Scarlet Song by Mariama Bâ

Scarlet Song by Mariama Bâ

Scarlet Song by Mariama Bâ

Mariama Bâ (April 17, 1929 – August 17, 1981) was a Senegalese author and feminist, who wrote in French. Born in Dakar, she was raised a Muslim, but at an early age came to criticise what she perceived as inequalities between the sexes resulting from African traditions. Raised by her traditional grandparents, she had to struggle even to gain an education, because they did not believe that girls should be taught. Bâ later married a Senegalese member of Parliament, Obèye Diop, but divorced him and was left to care for their nine children.

Her frustration with the fate of African women—as well as her ultimate acceptance of it—is expressed in her first novel, So Long a Letter. In it she depicts the sorrow and resignation of a woman who must share the mourning for her late husband with his second, younger wife. Abiola Irele called it “the most deeply felt presentation of the female condition in African fiction”. This short book was awarded the first Noma Prize for Publishing in Africa in 1980.[1]

Bâ died a year later after a protracted illness, before the publication of her second novel, Scarlet Song, which describes the hardships a woman faces when her husband abandons her for a younger woman he knew as a youth.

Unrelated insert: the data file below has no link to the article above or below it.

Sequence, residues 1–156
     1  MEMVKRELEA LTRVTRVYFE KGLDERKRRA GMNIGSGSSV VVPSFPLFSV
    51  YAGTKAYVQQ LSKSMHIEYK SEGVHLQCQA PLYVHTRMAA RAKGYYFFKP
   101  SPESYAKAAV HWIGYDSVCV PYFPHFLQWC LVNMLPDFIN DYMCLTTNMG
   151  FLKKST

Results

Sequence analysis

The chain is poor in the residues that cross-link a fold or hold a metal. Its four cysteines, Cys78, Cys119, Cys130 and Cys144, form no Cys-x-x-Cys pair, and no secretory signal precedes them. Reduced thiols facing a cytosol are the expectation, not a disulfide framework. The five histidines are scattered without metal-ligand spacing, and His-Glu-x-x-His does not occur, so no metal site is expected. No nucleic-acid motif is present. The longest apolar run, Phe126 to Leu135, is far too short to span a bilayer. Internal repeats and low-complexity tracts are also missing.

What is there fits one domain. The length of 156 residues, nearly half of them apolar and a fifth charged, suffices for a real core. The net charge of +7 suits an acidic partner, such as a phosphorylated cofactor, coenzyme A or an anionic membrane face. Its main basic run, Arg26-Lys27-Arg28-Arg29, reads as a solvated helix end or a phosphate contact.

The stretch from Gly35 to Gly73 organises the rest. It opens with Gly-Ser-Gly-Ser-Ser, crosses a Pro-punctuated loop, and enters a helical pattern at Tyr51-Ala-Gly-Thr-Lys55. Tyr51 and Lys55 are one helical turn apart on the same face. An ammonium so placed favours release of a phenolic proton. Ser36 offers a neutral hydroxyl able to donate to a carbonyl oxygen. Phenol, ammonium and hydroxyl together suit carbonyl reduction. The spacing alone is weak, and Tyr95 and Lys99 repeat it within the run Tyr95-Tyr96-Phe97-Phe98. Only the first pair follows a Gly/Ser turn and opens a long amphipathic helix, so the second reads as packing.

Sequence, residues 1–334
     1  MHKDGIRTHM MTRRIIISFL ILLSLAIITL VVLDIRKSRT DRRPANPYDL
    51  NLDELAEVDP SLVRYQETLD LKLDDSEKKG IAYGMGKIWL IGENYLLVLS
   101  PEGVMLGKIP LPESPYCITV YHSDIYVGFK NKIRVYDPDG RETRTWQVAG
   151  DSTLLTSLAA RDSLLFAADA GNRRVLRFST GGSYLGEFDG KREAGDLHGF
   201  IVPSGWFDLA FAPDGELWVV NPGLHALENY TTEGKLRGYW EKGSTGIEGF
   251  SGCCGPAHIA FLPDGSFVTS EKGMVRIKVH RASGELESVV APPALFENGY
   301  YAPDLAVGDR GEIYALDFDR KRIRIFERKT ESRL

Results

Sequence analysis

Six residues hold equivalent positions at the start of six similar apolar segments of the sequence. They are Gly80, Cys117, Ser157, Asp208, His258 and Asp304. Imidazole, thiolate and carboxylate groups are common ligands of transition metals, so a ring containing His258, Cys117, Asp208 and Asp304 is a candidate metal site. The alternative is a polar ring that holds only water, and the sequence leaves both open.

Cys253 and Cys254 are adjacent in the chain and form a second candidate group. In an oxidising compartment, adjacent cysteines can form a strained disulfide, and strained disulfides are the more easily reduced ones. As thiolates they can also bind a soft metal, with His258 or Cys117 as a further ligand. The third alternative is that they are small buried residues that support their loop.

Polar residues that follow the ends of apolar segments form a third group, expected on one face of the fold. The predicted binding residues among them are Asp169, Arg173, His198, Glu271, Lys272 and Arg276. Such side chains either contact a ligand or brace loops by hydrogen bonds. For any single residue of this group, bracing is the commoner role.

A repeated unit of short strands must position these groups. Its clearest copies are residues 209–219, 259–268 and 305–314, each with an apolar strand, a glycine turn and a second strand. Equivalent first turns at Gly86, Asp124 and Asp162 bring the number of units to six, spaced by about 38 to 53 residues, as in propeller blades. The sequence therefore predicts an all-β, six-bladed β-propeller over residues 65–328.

Scarlet Song

Mariama Bâ

Mariama Bâ

Scarlet Song (1986, gained international attention). This book deals with the critically urgent need for women to create “empowered” spaces for themselves, meaning, women need to create a space where they are not considered the “weaker sex”. Scarlet Song is about a marriage between a European woman and an African man.

As So Long a Letter, Scarlet Song gained international attention. Mireille, whose father is a French diplomat gets married to Ousmane, son of a poor Senegalese Muslim family. Moving back from Paris to Senegal, Ousmane once again adopts his traditions and customs. But, as an occidental, Mireille cannot handle this kind of life, especially when Ousmane takes a second wife. She severs the marriage. Most notably, the book criticizes the tyranny of tradition and expounds upon the despair of cross-cultural marriages.

  1. Born: April 17, 1929, Dakar, Senegal
  2. Died: August 17, 1981, Senegal

 

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